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Industrial Strategy

Part of Laser Misuse (Vehicles) Bill [Lords] (Programme) – in the House of Commons at 5:32 pm on 18th April 2018.

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Photo of James Heappey James Heappey Conservative, Wells 5:32 pm, 18th April 2018

It is good that we have an industrial strategy. It is not the command economy of past industrial strategies but an opportunity to put together a coherent plan to develop and support the industries that will underpin this country’s economy in the future, boost productivity and raise the skills needed.

In that sense, we should be very excited about what the Government have done. The four grand challenges within the strategy—artificial intelligence, clean growth, dealing with an ageing society and the concept of future mobility—are essential ingredients of that future economy, but of course each does not stand alone; all entwine with one another to deliver something that is quite exciting, not just from an industrial and economic perspective, but from a social perspective and in terms of how our communities and the future economy will operate.

Within that are the sector deals. It is right that the Government are seeking to reinforce the success of current industries that have done well for the UK, such as defence and aerospace and nuclear, and looking to use these sector deals to incubate our future economy too. To be clear, in putting together this industrial strategy, focusing on the areas as it does and in looking over the horizon—while not, I suspect, trying to pick winners but trying to understand what is likely to be the bedrock of a future economy—the Government must use the industrial strategy and everything around it to facilitate disruption as much as they can. I say that because, again and again, we see that the new businesses that really change the way we live, drive down costs for consumers and drive up customer service are the ones that have come in and disrupted old and lazy industries. These industries, often underpinned by exciting advances in automation, artificial intelligence and tech, are exactly the things we have the opportunity, through good policy making in the next few years, to unleash to the benefit of UK consumers.

If I may make a political point, such an approach is in stark contrast to the rather retrograde measures proposed by the Opposition, such as a return to nationalisation, as well as their outright fear of automation, suspicion of artificial intelligence and desire to regulate almost to the point of obsolescence the gig economy that underpins so many of the businesses particularly popular with the millennial age group. It is right that Conservative Members should champion this approach.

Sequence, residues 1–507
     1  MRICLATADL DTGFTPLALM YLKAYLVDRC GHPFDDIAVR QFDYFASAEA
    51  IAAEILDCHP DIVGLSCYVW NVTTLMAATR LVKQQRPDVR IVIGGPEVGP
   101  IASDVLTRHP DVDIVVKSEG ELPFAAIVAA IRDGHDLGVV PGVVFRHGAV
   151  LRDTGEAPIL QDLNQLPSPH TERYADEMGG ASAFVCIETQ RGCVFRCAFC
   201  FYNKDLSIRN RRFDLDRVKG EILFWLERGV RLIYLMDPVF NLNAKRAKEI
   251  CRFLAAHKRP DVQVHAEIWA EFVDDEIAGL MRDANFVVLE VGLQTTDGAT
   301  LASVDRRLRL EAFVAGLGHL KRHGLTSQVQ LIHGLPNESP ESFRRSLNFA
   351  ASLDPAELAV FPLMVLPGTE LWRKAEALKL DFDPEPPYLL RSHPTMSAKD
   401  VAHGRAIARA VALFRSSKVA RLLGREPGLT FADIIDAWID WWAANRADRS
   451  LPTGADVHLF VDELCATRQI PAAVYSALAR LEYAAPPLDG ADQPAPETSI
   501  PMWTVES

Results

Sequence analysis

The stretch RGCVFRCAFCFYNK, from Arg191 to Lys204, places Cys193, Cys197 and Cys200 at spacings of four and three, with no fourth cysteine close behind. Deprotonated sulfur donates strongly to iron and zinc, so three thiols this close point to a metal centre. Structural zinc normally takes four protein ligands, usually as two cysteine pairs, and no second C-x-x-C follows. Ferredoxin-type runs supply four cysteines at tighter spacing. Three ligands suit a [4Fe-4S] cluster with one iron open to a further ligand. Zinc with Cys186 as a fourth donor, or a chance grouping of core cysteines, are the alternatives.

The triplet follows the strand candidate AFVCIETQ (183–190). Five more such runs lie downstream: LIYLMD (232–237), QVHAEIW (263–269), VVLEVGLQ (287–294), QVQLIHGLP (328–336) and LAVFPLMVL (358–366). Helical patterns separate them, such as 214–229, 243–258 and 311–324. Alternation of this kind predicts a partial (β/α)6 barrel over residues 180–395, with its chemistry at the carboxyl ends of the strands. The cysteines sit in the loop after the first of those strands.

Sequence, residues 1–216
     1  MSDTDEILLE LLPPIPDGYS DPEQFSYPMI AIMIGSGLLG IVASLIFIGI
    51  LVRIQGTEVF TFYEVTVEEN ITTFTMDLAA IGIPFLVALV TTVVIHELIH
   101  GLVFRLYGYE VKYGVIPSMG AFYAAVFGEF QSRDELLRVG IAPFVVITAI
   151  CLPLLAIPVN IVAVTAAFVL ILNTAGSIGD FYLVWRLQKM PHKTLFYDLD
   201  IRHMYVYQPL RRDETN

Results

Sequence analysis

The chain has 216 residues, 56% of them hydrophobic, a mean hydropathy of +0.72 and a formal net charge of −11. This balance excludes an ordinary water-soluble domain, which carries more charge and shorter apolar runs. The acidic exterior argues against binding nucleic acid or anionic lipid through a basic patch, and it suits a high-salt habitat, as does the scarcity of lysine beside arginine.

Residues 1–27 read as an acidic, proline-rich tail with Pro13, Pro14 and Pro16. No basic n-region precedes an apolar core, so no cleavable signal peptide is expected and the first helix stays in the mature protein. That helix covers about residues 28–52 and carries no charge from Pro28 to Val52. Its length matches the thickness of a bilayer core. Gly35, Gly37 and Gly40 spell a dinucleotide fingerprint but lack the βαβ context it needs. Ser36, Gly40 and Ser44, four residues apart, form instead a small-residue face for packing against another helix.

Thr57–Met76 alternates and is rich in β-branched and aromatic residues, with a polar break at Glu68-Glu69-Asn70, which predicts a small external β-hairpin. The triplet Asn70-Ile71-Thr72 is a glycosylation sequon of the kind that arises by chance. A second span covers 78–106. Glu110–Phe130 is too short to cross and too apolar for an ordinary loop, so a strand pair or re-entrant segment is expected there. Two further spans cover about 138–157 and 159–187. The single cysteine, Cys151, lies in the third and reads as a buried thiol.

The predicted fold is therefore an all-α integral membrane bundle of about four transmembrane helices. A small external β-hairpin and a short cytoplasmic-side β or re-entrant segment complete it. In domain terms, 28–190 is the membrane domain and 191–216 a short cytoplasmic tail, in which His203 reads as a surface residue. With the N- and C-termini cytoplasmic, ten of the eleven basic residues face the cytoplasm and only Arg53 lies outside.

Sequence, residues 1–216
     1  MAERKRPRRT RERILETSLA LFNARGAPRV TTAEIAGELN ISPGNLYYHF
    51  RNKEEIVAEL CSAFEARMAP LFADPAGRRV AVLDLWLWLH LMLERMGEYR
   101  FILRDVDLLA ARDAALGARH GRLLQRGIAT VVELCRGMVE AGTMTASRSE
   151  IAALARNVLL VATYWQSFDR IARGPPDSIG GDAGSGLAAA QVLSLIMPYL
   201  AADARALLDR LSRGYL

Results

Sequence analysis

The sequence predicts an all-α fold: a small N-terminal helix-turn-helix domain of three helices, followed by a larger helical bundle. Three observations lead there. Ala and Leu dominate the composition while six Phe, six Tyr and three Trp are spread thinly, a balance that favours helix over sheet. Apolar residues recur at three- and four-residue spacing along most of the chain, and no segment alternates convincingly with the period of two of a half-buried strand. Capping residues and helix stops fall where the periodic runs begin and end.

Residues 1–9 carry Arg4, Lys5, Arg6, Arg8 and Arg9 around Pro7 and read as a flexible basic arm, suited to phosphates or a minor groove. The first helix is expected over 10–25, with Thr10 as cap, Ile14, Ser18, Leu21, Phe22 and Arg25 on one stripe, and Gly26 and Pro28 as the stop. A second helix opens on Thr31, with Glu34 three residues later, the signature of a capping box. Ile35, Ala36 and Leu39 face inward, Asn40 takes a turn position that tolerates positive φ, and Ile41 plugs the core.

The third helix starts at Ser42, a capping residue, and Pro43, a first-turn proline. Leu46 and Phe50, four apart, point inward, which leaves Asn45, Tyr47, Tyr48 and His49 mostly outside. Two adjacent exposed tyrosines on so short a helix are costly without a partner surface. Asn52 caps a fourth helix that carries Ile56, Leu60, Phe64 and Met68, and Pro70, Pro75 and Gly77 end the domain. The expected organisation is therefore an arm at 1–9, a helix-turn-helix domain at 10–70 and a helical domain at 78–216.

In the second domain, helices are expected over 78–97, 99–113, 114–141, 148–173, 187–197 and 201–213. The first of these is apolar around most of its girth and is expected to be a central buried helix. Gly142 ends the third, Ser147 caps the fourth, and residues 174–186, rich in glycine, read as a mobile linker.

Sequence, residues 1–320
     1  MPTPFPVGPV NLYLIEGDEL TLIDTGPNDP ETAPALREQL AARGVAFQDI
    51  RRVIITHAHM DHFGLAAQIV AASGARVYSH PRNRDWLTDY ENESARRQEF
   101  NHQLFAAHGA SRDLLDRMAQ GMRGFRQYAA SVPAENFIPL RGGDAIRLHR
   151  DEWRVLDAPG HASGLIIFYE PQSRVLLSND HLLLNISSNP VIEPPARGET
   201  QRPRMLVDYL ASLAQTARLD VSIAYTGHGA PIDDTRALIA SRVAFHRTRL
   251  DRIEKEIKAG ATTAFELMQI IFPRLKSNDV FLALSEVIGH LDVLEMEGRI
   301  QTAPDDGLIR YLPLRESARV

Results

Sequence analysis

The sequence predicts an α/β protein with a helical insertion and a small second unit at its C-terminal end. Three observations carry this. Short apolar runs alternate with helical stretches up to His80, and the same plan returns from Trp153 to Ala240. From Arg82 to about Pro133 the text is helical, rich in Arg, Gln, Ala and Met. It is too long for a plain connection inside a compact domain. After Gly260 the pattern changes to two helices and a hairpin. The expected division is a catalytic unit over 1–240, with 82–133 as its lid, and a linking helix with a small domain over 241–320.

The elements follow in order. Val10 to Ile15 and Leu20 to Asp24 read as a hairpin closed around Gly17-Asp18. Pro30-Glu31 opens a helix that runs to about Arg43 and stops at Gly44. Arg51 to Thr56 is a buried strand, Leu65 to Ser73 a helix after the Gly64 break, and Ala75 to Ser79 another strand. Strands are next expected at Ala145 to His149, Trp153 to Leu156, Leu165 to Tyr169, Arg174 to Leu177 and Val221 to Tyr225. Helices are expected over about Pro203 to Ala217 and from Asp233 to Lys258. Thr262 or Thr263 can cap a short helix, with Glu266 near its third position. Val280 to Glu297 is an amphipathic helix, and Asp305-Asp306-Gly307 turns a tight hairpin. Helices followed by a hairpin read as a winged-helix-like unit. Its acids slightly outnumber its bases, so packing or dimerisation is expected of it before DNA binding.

The way in which we will really unlock all those things is by recognising that the internet of things is a very exciting proposition for our nation’s economy. It will create smart homes, smart businesses and smart communities as the vehicles through which all disruptive businesses will undoubtedly succeed. There is a catch, because we need to lead on regulating for the data challenges that come with an internet-of-things economy, with data points all over the place bringing huge amounts of very personal data into the possession of private companies. From there, self-learning AI algorithms will be able to discern things about the way in which we live our lives that are really very intimate, and we need to protect consumers from that. However, that should not stop us being hugely excited about the opportunity for this future economy, and we should use the industrial strategy to let it off its leash.

Our colleagues in the Department for Business, Energy and Industrial Strategy should really look at the fact that the very many different funds they have brilliantly brought forward to address so many of the challenges for our future economy are all stand-alone ones. My final point is that I would very much like us to start to designate test towns in which we could trial such things at scale. When we are looking at the future of mobility, we will learn most only when we have, at scale, automated on-demand transport. When we are looking at how to support an ageing society, we will be able to do so only if we can see, at scale, how CivTech will actually support people in old age to live in their own homes for longer, with the savings that that will deliver to local health services. On clean growth, it is only when we can see, at scale, the advantages of a digitised, decentralised energy system—with storage, interconnected electric vehicles and demand-side response—that we will really understand such opportunities. I therefore hope that the Minister will look at the opportunity for test towns.